KATHERENA VERMETTE, HOUSE OF ANANSI PRESS, 288 PP., $22.95
The Break weaves together the stories of four generations of Métis women living in the north-end neighbourhood in Winnipeg. With The Break, Katherena Vermette revisits many of the themes she tied together in her first poetry collection, North End Love Songs: love, trauma, prejudice, and inner-city life. Vermette’s first novel is a statement about the strength and power of Métis families.
The central narrative of the novel is grounded in the violent attack on Emily, who is the teenaged daughter of Paulina, and the great-granddaughter of the head of the family—flora (affectionately called “Kookom” by Paulina’s daughters). The novel follows the impact of Emily’s attack on the women in the family, and the ways in which this violence has rippled throughout their lives. The attack is an echo of early violence they experienced with the murder of Paulina’s aunt, Lorraine. Emily’s attack has reaches outside of the family, impacting investigating officer Tommy Scott as well—a Métis man coming to terms with his Indigeneity.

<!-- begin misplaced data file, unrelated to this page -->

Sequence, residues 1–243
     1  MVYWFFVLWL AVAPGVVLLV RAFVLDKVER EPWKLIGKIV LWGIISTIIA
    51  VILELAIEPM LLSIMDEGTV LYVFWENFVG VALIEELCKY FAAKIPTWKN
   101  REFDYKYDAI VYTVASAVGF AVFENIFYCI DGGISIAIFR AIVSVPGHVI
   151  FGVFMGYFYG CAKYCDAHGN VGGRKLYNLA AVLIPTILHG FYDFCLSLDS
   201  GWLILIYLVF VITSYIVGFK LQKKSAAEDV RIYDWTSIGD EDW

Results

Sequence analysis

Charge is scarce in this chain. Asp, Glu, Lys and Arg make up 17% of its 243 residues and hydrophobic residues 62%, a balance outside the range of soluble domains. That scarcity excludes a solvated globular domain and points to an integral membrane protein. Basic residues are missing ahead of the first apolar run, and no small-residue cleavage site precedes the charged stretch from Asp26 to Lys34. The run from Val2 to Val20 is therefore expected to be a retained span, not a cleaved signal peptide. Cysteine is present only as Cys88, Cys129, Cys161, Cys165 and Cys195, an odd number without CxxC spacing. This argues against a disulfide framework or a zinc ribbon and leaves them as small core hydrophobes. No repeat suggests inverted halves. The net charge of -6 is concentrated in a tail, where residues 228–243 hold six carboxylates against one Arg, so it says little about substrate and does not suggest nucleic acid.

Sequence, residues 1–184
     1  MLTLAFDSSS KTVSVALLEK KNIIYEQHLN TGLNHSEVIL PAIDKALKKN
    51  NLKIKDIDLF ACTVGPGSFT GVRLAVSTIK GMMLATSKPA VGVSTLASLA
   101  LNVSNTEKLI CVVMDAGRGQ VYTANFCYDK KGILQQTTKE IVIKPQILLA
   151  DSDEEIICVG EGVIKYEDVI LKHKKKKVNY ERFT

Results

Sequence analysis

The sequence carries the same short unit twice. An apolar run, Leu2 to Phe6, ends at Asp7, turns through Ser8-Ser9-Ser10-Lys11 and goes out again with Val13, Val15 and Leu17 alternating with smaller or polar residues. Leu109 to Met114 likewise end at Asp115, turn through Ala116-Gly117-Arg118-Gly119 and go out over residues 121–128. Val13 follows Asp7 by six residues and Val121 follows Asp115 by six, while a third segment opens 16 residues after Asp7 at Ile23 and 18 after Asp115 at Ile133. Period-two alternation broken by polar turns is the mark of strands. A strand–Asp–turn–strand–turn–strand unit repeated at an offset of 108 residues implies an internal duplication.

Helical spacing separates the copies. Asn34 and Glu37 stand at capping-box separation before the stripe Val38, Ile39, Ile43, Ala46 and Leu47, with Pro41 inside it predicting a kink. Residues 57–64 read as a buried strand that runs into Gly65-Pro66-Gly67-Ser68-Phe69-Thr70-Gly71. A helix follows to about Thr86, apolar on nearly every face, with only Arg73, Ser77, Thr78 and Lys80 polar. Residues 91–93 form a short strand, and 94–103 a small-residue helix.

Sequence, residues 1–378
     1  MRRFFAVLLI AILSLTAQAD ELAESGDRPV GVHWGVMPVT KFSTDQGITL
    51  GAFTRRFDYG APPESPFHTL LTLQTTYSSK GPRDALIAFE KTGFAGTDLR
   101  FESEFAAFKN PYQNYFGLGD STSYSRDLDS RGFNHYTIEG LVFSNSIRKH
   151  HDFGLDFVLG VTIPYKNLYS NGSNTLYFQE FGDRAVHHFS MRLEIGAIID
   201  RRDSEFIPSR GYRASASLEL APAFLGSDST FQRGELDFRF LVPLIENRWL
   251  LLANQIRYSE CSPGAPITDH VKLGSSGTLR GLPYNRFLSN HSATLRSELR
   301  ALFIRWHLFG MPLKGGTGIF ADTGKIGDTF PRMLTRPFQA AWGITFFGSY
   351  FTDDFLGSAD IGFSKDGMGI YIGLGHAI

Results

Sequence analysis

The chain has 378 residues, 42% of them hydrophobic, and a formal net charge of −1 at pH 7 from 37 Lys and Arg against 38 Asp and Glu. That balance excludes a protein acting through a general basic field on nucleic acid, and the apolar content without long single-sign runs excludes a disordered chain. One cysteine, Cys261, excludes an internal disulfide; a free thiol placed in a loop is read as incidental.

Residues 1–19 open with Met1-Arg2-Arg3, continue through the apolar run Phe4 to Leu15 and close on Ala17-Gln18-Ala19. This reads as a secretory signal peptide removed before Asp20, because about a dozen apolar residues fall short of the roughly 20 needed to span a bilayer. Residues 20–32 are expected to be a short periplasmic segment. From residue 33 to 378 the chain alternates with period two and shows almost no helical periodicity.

The Break is a heartbreaking and heart-healing book. Reading it as a Métis woman, I felt like these characters could have been members of my family. The Break is about much more than a violent crime. The way these women speak, interact and have an unspoken bond that pulls them together in times of need shows the love and resilience of Métis women. ■
—SAMANTHA MARIE NOCK